'No tax shall be payable on the sale of following goods :-
S.No. Description of the Good
39 Iron & Steel.
This very notification also set out the goods, the sales of which were taxable at a particular rate. Schedule IV enlisted the various articles, the sale proceeds of which were assessable at Rs. 3-2-0 percent and item No. 9 thereof described from any metal other than gold and silver. The assessee had purchased scrap iron locally, and imported iron plates from outside, and after converting them into bars, flats and plates in the mills sold them in the market. The State of Madhya Bharat sought to impose tax on the sales of bars, flats and plates made by the Mills at the rate of Rs. 3-2-0 present. They took up the stand that iron and steel mentioned at serial number 39 in Schedule I of the notification meant iron and steel in their original condition and not iron and steel in the shape of bars flats and plates. It would be better to quote the reasoning of the Supreme Court for rejecting the stand taken by the State of Madhya Pradesh in its own words :-
Therefore, iron and steel used as raw material for manufacturing other goods are exempted from taxation. So long as iron &steel; continue to be raw materials, they enjoy the exemption. Scrap iron purchases by the respondents was merely re-rolled into bars, flats and plates. They were processed for convenience of sale. Raw materials were only re-rolled to given them attractive and acceptable forms. They did not in the process lose their character as iron and steel. The dealer sold iron and steel in the shape of bars, falts and plates and the customers purchased iron and steel.'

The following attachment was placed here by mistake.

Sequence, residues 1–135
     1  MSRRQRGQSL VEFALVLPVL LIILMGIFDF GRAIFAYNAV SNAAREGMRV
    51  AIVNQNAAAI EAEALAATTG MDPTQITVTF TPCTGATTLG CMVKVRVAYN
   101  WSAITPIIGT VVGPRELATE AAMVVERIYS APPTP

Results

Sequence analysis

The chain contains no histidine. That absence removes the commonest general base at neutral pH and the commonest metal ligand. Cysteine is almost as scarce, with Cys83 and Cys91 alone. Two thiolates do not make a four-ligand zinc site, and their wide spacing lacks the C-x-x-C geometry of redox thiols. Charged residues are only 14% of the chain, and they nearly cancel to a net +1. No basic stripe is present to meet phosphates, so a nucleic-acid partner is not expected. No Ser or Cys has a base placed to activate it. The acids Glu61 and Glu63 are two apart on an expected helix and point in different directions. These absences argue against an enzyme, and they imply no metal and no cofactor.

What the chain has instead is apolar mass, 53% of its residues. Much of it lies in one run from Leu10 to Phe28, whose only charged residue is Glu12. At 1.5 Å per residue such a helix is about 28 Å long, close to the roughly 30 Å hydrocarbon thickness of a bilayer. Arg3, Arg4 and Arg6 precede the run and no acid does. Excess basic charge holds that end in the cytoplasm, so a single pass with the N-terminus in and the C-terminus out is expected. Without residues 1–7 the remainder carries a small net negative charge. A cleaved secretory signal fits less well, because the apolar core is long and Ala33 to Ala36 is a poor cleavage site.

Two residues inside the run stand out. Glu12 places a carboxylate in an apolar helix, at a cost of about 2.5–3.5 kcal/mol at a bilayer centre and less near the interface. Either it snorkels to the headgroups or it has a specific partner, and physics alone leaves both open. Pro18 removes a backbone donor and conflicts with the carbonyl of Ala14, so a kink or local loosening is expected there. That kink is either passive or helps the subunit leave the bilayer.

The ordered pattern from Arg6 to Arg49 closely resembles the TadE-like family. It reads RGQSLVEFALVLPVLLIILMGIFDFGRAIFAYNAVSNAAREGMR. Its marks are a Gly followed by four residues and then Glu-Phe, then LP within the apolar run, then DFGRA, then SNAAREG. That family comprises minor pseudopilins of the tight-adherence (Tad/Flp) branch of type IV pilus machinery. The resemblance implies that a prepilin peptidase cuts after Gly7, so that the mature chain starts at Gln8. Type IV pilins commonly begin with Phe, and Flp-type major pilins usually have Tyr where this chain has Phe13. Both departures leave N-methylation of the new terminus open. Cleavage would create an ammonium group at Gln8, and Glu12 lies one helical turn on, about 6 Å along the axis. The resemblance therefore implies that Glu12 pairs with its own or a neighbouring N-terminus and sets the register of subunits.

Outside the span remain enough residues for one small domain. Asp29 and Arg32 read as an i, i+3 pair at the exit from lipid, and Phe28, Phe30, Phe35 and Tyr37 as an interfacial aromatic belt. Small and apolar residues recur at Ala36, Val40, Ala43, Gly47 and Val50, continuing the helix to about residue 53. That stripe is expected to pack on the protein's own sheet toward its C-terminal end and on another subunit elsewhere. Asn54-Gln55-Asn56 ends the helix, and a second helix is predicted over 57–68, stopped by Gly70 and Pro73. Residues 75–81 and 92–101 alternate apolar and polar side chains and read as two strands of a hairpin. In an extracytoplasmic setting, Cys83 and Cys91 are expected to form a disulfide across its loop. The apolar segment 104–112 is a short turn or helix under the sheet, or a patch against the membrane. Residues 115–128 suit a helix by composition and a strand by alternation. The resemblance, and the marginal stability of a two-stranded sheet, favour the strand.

In view of this conclusion, it was held that the bars, flats and plates sold by the assessee were iron and steel exempted under the notification.
6. In the case of Devgam iron & Steel Rolling Mills vs. State of Punjab, the appellant carried on the business of rolling steel at Govindgarh. They purchased some scrap and steel ingots and converted them into rolled steel sections. The assessing authority imposed purchase tax at the rate of 2% on the purchase of steel scrap and steel ingots for making rolling steel sections and selling them. The question arose as to whether the levy was justified. The contention raised was that the provision under the Punjab Act was void in as much as it contravened S. 14 and 15 of the Central Sales Tax Act, which prohibited imposition of sales tax on declared goods at more than Punjab Act, tax was being imposed both on the purchased the controversy whether the Act contravened the provisions of the Central Act, the point as to whether rolled steel was a new commodity distinct altogether from iron scrap was considered. This contention was dealt with by their Lordships at page 1905 of the Report and rejected in the following words :
'Now coming to Civil Appeals Nos. 39 to 43 of 1965, the first additional point raised is that when iron scrap is converted into rolled steel, it does not involve the process of manufacture. It is contended that the said conversion does not involve any process of manufacture, but the scrap is made into a better marketable commodity. Before the High Court, this contention was not pressed. That apart, it is clear that scrap iron ingots undergo a vital change in the process of manufacture and are converted into a different commodity viz. rolled steel sections. During the process, the scrap iron loses its identity and becomes a new marketable commodity. The process is certainly one of manufacture.'